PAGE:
Monday, April 30, 2012

Updates to Article on Caffeine in Tea, And One Company's Studies on Caffeine and Antioxidants

On my recent post Scientific Research I'd Like To See Done on Tea's Caffeine, Vitamin C, etc., I had some useful comments which pointed me to some published studies which I did not know about. Eetu Mäkelä shared a ton of useful studies, a few of which I knew of but many of which I did not. I've begun to incorporate some of the new information into RateTea, but as much of it is not public access and I no longer am within a university environment, it will be a slow process. But already, I've made a few substantive changes to the article on the caffeine content of tea, shown here:

One interesting source:

There is one particular source that I've added that I think might be interesting for people who are really interested in this topic, a study by Camellia Sinensis Tea House on the caffeine content of their teas, which you can find published on their page on Tea and Health. I want to thank Guillaume TR for sharing this study with me. This study reinforces the same general trend that already was established by the article and the other sources, that it is not possible to generalize about caffeine content as a function of broad types of tea (black, green, white, oolong, etc.)

This table, a screenshot of the study, shows a few key points that I like about this study: it shows that the amount of leaf was standardized, and it clearly shows the conditions each tea were brewed in, and it studies the teas using recommended brewing temperatures and infusion times, thus comparing the teas as they would be likely to be consumed, rather than using the same brewing time and temperature for teas that most tea drinkers are going to brew in different ways.

I found this study interesting to read over, looking at the particular values, but I also found the fact that this study was even carried out at all to be rather interesting. Camellia Sinensis Tea House is not the biggest company, and yet they had the resources and drive to carry out this study on a fairly large selection of their teas. I find this encouraging, as it suggests to me that similar studies would be realistic for a large number of tea companies.

A study on antioxidants:

The same company also did a study of antioxidant content. Personally, I'm a little less interested in this study, mainly for the reason that the more I learn about antioxidants, the more I realize that, when it comes to antioxidants, more is not better. RateTea's page on the antioxidants in tea explains more, and the section "Potential Health Effects" on Wikipedia's Antioxidants page goes into more depth about this. One thing is clear though from the results of the antioxidant study: there's no trend of one type of tea (green, black, etc.), or of steamed (Japanese) vs. pan-fired (Chinese) teas, or even of higher vs. lower priced or graded teas being higher or lower in antioxidants. Matcha, however, does stand out for the simple reason that you are consuming the whole leaf when drinking it.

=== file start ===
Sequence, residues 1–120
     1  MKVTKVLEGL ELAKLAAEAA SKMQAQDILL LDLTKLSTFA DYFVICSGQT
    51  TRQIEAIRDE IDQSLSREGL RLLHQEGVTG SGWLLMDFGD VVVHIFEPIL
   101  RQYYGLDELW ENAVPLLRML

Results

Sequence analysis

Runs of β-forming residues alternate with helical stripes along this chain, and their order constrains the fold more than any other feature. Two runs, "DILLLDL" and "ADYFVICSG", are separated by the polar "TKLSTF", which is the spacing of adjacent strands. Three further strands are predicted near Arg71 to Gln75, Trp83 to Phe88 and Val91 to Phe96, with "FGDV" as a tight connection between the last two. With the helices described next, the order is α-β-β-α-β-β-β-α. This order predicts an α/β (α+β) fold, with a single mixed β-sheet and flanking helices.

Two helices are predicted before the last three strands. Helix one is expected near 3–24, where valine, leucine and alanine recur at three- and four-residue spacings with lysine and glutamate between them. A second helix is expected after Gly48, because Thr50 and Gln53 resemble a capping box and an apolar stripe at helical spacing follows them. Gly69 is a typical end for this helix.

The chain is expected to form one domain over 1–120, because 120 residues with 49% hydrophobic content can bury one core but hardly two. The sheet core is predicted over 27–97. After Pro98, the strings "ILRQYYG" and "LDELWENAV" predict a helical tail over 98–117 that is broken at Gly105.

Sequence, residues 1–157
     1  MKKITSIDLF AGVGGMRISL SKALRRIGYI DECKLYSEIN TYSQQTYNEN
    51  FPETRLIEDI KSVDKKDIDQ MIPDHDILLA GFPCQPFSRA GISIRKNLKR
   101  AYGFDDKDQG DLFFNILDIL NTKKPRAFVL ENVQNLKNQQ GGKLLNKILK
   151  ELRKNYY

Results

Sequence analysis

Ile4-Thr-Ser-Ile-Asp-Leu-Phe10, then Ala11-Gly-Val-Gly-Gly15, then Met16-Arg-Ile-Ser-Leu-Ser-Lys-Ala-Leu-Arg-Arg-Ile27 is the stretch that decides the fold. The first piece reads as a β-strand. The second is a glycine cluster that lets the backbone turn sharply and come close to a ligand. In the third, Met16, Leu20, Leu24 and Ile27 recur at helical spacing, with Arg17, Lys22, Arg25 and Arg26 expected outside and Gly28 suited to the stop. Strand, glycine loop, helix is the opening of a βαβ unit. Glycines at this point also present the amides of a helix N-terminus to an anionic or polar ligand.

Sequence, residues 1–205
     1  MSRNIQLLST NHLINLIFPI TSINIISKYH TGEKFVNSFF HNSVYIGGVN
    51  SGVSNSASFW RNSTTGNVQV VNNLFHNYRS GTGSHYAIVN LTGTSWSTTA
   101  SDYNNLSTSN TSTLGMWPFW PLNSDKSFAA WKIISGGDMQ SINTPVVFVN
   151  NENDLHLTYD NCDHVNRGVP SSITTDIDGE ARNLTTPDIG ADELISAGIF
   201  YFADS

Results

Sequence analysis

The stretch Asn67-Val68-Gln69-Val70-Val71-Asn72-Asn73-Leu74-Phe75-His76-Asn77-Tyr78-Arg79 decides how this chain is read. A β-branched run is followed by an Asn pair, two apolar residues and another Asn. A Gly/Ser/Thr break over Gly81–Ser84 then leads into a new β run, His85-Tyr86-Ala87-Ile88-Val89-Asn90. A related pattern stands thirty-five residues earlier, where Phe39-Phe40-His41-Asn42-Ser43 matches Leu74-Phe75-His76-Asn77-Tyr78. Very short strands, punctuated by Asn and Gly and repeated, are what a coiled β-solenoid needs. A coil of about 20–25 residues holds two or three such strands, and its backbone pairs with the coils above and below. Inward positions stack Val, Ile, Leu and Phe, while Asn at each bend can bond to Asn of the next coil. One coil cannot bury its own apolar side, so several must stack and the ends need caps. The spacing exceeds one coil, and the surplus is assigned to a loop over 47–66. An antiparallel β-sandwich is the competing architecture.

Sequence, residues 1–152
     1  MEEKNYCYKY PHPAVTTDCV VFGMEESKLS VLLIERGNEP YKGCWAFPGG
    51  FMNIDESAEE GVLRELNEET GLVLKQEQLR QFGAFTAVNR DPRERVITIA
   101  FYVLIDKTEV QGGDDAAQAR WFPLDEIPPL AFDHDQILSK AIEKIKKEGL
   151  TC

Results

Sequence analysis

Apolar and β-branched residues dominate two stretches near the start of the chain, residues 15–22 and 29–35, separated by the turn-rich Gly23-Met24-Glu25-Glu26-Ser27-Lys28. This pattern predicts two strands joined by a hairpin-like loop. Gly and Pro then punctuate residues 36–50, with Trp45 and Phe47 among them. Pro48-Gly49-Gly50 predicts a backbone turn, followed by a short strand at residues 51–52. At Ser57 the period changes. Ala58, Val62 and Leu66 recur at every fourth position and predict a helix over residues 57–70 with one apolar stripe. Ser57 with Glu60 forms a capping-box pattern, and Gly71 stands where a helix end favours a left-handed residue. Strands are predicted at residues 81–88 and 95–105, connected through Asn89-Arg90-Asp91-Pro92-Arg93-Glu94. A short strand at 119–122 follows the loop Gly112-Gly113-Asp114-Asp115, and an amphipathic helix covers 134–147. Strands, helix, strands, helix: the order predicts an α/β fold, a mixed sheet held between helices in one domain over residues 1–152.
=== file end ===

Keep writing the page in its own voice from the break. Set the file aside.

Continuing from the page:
What do you think?

Do you think you can trust the values established by a study like the one provided here? Do you think it would be beneficial in any way (to the business, or to tea culture in general) for tea companies to carry out studies of the caffeine content of the specific teas in their catalogues? Do you think the antioxidant studies are worthwhile, or are you skeptical of them, like me?

1 comment:

  1. I think not all companies should carry studies on contents of different molecules (caffeine, antioxidant, etc.). Such analysis can cost a lot, so probably only well established companies can benefit from that.

    However, I think consumer education is the key. There are several studies on caffeine content. However, caffeine does not have the same physical effect in different teas, and other molecules interact in our body, either to delay the stimulant effect of caffeine, or have a soothing effect which balance with stimulating effect of caffeine. Thus, teas with similar caffeine content will not have the same impact on our body.

    The key for tea companies is to guide customers through that so to give the most neutral information. I hear often at the local tea house where I by my tea "I want a tea with high antioxidant", "I want a low caffeine tea", etc. Just explaining the differences and subtleties will guide the buyer.

    I buy tea because I like tea, but I'm aware of the health effects of the different teas I have. I have reached that through my own research and curiosity, but also while talking to the staff at my local tea house (Camellia sinensis, quoted in the post). I think that's the key.